About the Author

James Tyrrell


James had hardly touched a camera when he came to Londolozi, but his writing skills that complemented his Honours degree in Zoology meant that he was quickly snapped up by the Londolozi blog team. An environment rich in photographers helped him develop the ...

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on World Wildlife Day: Helping Rhinos

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Marinda Drake
Master Tracker

I am passionate about rhino conservation. I am all for rescueing and treating rhino as they are such an endangered species. It will be a sad day when we and future generations can’t view a rhino in the wild. Great work Londolozi.


Awesome job people. Absolute respect 👍♥️

Vin Beni
Master Tracker

Difficult philosophical decision by the Vartys. Personally glad they were not totally rigid with their non-intervention practice in this instance. Need to be wary of the slippery slope, however. (My first encounter with this philosophy was when we saw over multiple days a cheetah with a gaping wound on its rear leg.}
Hope we can get an update on the rhino’s status.

James Tyrrell

Hi Vin,
Was this the female cheetah in 2013/2014? I forget which year…
If I remember correctly, in that case the female’s wound was far more superficial than it appeared. I personally watched her chase down and kill an adult impala ram only 48 hours after she received he injury. Apparently the tranquilizing of big cats can carry with it serious risk, and there have been multiple cases in which they simply don’t wake up again.
Once they have been brought round again if the treatment goes well, someone has to remain with them for a 24hr+ period in order to make sure no other predators come near her as she may still be groggy from the after-effects of the tranquilizer (cheetahs are at the bottom of the pecking order so are very vulnerable, but as you can imagine this isn’t such a problem with an adult rhino bull).
Since she seemed to be hunting fine and managing to take care of not only her and her cubs, the decision was taken not to intervene and bring increased risk to what appeared to be more of a benign situation than initially thought…
When are you and Michelle back for another visit?

Vin Beni
Master Tracker

James–it was 2013–our first morning game drive. Two days later we saw her stalk and take down an impale–a riveting one hour experience. It was incredible! She then brought over her 2 cubs to finish the kill and eat. (Might have been the same kill that you saw. We were with Trevor.)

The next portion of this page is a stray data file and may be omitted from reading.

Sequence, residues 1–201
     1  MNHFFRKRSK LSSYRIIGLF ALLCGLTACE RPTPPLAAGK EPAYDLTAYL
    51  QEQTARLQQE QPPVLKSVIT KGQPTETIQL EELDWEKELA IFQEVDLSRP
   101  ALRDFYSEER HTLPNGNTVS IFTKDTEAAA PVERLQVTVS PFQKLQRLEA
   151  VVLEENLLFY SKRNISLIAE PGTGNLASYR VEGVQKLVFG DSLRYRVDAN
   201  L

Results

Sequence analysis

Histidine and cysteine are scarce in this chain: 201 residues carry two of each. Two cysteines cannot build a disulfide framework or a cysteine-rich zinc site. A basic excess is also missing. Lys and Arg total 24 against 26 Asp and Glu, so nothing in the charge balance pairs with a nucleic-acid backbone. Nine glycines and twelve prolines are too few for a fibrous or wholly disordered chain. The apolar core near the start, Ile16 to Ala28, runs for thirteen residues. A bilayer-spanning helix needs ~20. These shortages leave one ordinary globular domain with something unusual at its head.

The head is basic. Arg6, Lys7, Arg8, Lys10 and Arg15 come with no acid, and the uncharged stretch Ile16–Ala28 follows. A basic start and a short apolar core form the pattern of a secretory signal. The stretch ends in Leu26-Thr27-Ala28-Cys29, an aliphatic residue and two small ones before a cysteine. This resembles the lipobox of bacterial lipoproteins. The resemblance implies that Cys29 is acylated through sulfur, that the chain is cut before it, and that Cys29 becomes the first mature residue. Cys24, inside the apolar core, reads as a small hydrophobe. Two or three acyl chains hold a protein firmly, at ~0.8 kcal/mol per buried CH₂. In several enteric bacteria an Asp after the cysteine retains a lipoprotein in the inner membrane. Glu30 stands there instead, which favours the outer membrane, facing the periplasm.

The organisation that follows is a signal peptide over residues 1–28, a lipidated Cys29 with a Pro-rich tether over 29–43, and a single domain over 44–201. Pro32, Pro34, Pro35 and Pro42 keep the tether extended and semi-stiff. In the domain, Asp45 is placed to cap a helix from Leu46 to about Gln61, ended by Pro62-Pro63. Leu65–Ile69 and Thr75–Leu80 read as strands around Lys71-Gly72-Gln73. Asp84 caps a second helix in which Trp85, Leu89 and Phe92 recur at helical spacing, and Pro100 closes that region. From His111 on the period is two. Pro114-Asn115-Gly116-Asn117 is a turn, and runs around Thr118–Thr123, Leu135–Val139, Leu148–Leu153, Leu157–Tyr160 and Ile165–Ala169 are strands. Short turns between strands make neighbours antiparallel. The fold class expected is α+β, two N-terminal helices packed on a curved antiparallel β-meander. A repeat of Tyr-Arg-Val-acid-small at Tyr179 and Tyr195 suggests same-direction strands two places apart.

We return in July 2021 (#5).

James Tyrrell

Yip, that must have been the sighting, as I remember Trevor being there too! Amazing!
Look forward to seeing you next year!

Brian Everitt
Digital Ranger

Awesome job everyone thank you for helping. I was lucky enough to witness and participate with the Maasai Mara vet team helping an injured lioness the experience was absolutely incredible nowadays we need to help these animals for our future. Thank you

Dave Mills
Senior Digital Ranger

Wonderful. Thanks to all. Can’t say it enough: Londolozi’s people are the best

Joan Schmiidt
Master Tracker

James, I am passionate about rhino conservation – I love the rhino – they are such an endangered species.
Great work for Londolozi, saving a rhino and putting him back in the bush

Karen Taylor

What a wonderful story and so pleased to see the rhino treated, we can’t afford to loose any more rhinos!

Karen Hart
Senior Digital Ranger

thank you for all you do to safe guard wildlife and to educate all.

Joanne Lofthouse
Digital Tracker

Thanks so much intervening to help this magnificent animal!!

Denise Vouri
Guest contributor

Conservation is as important as ever given climate change and poaching of the most endangered species. Saving just one can hopefully insure that there’s an opportunity for the birth of one, or more depending on the species. Kudos to the staff of Londolozi for speaking out after seeing the plight of the bull rhino. I will never forget the sight of a juvenile male Mhagene Lion, laying injured and being told no aid would be forthcoming- it’s nature at its rawest. Intellectually I know this is true, but a gut wrenching moment anyway. Thank you for this post.

Doug Hammerich
Digital Tracker

How inspiring to see humans intervening to help the wounded rhino. I love seeing stuff like this! Thank you to all involved.

Mary Beth Wheeler
Master Tracker

Excellent decision to help this rhino! Hope he continues to heal without incident. Perfect way to celebrate World Wildlife Day.

Judith Guffey
Digital Tracker

Mahalo for doing this even though it’s not the usual policy of non-intervention. Rhinos need to be saved.

Mark Polis, M.D.

You folks are beyond wonderful. I follow your blog closely and this story was so incredibly heartening. Thank you.

Susan Strauss
Digital Tracker

How beautiful that the rhino, in his time of need, came near the Londolozi camp…as if he knew he would be cared for by the protectors of all living things. (I believe he knew that 100%).

Jen Lum
Senior Digital Ranger

You people are amazing. Your knowledge and passion goes beyond the heart.

Leonie De Young
Master Tracker

Well, what a fantastic way to celebrate World Wildlife Day. A great big thank you to all of those involved in helping this magnificent animal of which very few are left in the wild. You all rock. Thanks James for sharing this with us, someone was peeling onions while I was reading this blog.

Andrew and Daniel Bolnick
Digital Tracker

Great work everyone

Wendy Macnicol
Digital Tracker

Wonderful job by everyone concerned. I am sure this particular bull rhino will continue his life and his work generating future calves! Thank you Londolozi staff and all concerned! Wendy M

Well done! Congratulations and thank you for the very wise decision. Best wishes for a promt recovery.

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